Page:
Reaser: You know, I think Mike Flanagan wrote this incredible script, and I got it sent to me—I think he had seen Sweetlands years ago—and it got sent to me and I was reading it, and when you “horror movie,” you think, “Oh, it’s going to be crappy.” Then I read it, and I thought, “This is a real story and these characters are so interesting,” and when do you ever see a big movie about a single mother with daughters who is a psychic and a widow and all these elements and just how incredibly vulnerable she was. I found it to be really interesting, and then I watched Oculus, and I basically had to turn it off, because it was so scary. I was like, “Oh, this guy knows what he’s doing.”
LRM: I spoke to Mike a few minutes ago and I think he mentioned that you’re not really a horror movie fan at all, so that’s interesting that someone who doesn’t watch horror movies would be a part of one.
Reaser: (giggles) Well, yeah, to me, it was all about the story, about the character. My character doesn’t know she’s in a horror movie, so I didn’t treat it as that. I didn’t even think of it as a horror movie while I was doing it. I thought it was someone who is experiencing intense grief, and how it’s made her vulnerable to these forces that are taking over her family. I thought that was really interesting. It reminded me of the really great horror movies like The Exorcist or The Shining, some of these psychological movies that are obviously some of the great movies of all time. The idea of getting to be in a great horror movie was pretty exciting.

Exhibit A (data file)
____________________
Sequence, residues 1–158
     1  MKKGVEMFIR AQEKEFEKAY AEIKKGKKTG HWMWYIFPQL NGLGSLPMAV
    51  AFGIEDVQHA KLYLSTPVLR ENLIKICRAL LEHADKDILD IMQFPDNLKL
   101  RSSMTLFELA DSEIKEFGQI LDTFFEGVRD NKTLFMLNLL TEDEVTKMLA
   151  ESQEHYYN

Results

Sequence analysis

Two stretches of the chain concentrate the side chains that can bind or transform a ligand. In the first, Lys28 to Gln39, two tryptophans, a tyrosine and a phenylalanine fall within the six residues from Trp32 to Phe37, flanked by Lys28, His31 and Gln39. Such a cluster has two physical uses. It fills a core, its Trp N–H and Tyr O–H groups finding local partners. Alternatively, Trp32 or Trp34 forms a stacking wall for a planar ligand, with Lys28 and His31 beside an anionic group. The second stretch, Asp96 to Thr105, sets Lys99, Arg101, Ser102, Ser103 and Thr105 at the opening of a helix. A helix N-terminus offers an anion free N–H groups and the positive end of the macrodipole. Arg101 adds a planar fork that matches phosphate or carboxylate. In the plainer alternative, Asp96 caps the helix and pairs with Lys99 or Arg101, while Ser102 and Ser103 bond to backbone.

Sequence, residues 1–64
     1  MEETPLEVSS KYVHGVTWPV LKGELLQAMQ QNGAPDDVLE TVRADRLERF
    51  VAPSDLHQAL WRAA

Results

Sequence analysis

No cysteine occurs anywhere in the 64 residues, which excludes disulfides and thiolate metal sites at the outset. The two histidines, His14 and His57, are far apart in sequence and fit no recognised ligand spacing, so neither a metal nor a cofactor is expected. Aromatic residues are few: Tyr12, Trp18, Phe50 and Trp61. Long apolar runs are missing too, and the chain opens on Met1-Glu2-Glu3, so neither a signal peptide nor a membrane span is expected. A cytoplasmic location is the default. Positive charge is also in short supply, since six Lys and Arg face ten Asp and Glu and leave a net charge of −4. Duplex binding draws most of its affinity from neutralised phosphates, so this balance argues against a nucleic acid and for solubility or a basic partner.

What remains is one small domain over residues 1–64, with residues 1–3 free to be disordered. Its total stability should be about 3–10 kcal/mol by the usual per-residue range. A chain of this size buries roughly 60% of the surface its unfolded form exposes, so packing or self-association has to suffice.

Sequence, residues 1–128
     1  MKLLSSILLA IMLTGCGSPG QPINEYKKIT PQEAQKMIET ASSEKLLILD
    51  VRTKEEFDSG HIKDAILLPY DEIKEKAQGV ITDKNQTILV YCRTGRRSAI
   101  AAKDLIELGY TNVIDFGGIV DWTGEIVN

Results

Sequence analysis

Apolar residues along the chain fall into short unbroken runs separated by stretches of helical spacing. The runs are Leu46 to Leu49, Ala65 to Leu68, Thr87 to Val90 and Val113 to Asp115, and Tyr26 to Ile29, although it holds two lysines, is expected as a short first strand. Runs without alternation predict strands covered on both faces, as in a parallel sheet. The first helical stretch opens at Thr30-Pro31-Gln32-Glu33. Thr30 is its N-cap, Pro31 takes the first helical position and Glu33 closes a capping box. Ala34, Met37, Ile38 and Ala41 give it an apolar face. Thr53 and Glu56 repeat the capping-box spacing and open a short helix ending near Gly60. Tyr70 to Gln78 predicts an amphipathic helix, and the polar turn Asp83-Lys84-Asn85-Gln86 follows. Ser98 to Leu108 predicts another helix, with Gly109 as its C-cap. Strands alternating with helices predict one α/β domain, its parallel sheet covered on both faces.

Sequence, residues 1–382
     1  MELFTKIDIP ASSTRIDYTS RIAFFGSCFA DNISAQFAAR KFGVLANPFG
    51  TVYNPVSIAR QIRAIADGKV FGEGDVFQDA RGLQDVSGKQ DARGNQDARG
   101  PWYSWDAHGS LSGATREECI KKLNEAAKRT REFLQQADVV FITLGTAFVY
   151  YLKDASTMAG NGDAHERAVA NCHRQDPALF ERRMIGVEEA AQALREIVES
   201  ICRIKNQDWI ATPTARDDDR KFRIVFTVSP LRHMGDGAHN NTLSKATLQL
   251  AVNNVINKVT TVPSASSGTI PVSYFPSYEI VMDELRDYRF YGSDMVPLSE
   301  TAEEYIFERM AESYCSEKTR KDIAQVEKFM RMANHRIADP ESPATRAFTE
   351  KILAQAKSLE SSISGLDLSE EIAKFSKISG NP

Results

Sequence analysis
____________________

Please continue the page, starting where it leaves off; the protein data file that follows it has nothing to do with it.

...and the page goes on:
LRM: I’m a big horror fan myself so I watch a lot of them, and there’s interesting Renaissance because in the last few years, we’ve seen movies like “The Conjuring” with A-level dramatic actors doing them, which gives them another level, which I think is the case with this as well.